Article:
Iran Focus: Tehran, Iran, Jun. 27 – Decades of authoritarian
rule have forced Iranians to develop innovative ways of expressing themselves. Iran Focus reporters in the sprawling capital gauge the daily mood as seen or heard in graffiti, jokes, comments, and so on. Iran Focus
Tehran, Iran, Jun. 27 – Decades of authoritarian rule have forced Iranians to develop innovative ways of expressing themselves. Iran Focus reporters in the sprawling capital gauge the daily mood as seen or heard in graffiti, jokes, comments, and so on.
First round: The Seven Samurai, Second round: The Prince and the Pauper (graffiti in east Tehrans Narmak district, alluding to the first round of the election with seven candidates and the run-off between former president Rafsanjani and the haggardly-looking ultra-conservative Mahmoud Ahmadinejad)
Interview with Ahmad Bozorgian, member of Irans parliament and senior aide to newly-elected president Mahmoud Ahmadinejad:
Q. One of the first things Mr. Ahmadinejad did when he became Tehran mayor was to order gender segregation on elevators. Do you think he will make this a nation-wide policy now?
A. What would be wrong with that? Its been proven that if men and women are segregated in educational establishments, they each achieve much more. When we separate boys and girls, its not that we dont trust them. We want to protect them more.
(Cutting from Sharq newspaper, stuck on a bus window)
Written on the wall of a hospital near Tajrish Square, north Tehran: Three things to do for our new president: 1. Brush teeth every day, 2. Take a shower every few days, 3. Buy a new suit.
No Rahbar, No Akbar, No Antar: Huge graffiti on the wall of a high school near Azadi Square (Rahbar means leader in Persian and refers to Supreme Leader Khamenei, Akbar refers to Ali-Akbar Hashemi Rafsanjani, and Antar means monkey in Persian and has become a popular way of referring to Mahmoud Ahmadinejad among young Tehranis)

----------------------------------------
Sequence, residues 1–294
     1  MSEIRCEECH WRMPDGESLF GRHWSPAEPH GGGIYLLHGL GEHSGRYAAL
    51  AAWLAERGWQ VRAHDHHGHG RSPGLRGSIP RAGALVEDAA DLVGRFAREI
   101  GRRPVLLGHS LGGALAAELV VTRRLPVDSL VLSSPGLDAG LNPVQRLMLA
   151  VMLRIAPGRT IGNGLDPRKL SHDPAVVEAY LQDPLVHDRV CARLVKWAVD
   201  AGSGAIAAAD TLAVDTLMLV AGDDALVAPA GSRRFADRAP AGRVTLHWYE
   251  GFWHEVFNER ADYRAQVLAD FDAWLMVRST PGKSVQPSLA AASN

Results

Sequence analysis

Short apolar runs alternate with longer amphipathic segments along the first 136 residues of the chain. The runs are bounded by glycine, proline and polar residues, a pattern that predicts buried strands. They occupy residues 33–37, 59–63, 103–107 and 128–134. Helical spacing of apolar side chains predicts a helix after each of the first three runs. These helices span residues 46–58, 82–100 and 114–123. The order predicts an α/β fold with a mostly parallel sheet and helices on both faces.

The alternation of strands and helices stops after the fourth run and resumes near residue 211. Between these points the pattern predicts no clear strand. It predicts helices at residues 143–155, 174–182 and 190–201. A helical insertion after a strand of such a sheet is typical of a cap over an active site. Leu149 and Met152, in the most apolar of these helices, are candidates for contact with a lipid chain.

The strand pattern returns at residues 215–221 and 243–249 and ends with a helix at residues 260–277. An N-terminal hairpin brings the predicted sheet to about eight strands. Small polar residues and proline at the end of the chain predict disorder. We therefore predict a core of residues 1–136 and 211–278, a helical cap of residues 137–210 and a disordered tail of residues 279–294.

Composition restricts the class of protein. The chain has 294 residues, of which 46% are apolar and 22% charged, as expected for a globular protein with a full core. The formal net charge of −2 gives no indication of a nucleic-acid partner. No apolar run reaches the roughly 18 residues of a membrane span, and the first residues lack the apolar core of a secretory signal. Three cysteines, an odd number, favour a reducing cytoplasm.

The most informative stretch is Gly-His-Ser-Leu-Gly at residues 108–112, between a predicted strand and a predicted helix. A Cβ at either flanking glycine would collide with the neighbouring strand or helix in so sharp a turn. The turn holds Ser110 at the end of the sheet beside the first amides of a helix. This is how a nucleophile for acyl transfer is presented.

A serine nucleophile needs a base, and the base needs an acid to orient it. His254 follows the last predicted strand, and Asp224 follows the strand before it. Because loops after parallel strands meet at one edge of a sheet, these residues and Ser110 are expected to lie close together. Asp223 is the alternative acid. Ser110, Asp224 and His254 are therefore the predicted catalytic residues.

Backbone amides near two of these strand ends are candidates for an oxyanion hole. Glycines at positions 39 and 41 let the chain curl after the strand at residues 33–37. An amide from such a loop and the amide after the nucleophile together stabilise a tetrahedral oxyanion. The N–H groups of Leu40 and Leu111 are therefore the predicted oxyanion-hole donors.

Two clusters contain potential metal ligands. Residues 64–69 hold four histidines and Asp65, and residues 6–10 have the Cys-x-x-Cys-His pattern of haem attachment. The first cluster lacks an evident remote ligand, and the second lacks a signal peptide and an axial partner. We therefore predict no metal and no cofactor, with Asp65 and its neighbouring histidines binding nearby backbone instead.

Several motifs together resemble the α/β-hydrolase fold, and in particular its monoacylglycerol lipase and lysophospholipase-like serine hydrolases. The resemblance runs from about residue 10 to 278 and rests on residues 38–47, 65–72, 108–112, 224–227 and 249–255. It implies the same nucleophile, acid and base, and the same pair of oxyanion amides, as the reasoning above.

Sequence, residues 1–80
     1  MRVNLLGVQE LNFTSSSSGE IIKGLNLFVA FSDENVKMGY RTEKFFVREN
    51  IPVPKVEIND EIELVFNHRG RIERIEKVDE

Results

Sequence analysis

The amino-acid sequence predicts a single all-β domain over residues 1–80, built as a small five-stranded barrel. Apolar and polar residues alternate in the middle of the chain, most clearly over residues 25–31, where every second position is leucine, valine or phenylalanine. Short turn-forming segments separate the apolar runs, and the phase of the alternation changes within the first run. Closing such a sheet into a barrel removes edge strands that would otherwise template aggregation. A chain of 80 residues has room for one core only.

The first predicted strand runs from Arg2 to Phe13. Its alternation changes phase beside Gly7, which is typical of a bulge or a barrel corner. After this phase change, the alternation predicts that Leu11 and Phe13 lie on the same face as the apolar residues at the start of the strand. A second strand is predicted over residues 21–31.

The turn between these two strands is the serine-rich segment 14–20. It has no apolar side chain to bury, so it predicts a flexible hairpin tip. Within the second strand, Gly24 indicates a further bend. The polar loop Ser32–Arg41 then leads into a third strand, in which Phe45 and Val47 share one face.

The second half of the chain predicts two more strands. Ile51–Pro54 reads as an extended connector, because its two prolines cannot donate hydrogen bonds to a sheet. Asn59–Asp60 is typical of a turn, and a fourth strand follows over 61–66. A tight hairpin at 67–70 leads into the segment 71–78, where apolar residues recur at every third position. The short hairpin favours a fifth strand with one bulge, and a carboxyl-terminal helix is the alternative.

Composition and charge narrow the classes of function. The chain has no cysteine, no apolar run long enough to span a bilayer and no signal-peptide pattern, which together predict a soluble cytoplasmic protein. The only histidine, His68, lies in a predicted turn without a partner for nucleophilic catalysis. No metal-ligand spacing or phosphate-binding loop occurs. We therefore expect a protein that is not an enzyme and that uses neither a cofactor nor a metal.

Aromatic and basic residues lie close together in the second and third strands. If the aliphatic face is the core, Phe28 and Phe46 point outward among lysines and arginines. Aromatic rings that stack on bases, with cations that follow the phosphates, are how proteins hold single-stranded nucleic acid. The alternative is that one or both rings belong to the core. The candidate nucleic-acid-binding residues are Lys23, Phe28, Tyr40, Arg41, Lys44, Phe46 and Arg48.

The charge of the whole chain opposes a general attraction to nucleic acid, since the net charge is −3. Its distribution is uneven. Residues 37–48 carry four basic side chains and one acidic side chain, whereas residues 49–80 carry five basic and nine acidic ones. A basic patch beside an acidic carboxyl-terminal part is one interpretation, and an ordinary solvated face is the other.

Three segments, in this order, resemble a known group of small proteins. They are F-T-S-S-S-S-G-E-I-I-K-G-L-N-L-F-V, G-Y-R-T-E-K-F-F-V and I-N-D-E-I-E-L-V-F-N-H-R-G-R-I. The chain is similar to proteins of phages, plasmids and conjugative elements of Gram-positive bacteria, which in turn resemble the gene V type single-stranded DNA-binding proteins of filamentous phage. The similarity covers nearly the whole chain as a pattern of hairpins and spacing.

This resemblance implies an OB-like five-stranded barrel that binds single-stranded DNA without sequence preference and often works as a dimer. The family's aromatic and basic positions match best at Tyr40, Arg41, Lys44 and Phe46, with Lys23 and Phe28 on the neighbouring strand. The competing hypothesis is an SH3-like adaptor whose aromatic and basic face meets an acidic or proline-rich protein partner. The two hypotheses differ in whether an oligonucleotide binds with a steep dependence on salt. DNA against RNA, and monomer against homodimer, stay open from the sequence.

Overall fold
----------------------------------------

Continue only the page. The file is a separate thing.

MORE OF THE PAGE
Overheard in a taxi: A foreign journalist comes to Tehran to cover the elections. He goes to a mosque with his guide and sees people queuing up for food.
If this is where people eat, where do they pray? he asked.
In Tehran University, if you mean Friday prayers, the guide answered.
If they pray in universities, where do students and professors go? asked the puzzled journalist.
They are in prison.
Then where are the criminals?
Who do you think is running the country? the guide said.
Written on a large official banner near Vali-e Asr Square:
Ahmadinejad: The freedom that exists in Iran does not exist any where else in the world
Graffiti scribbled underneath: Freedom to Kill
Ahmadinejad and Khatami strongly disliked each other. Once Khatami arrived an hour late for a ceremony in Tehran University where he was to be awarded an honorary degree. He told the audience: If only the mayor of Tehran could do something to alleviate the traffic, people wouldnt turn up so late for meetings.
On hearing this, Ahmadinejad retorted, If the President used the presidential office in downtown Tehran rather than move to [the Shahs”> Saadabad Palace in north Tehran, it would take him a few minutes to come to Tehran University.
The military organizations did an excellent job in staging this election. They did so well in getting their favourite candidate elected that next time, there need not be even an election. The Revolutionary Guards and the Guardian Council could just announce the result in advance. It would be much more transparent.
Rasoul Montajebnia, a former senior official and member of the Combatant Clergymen Association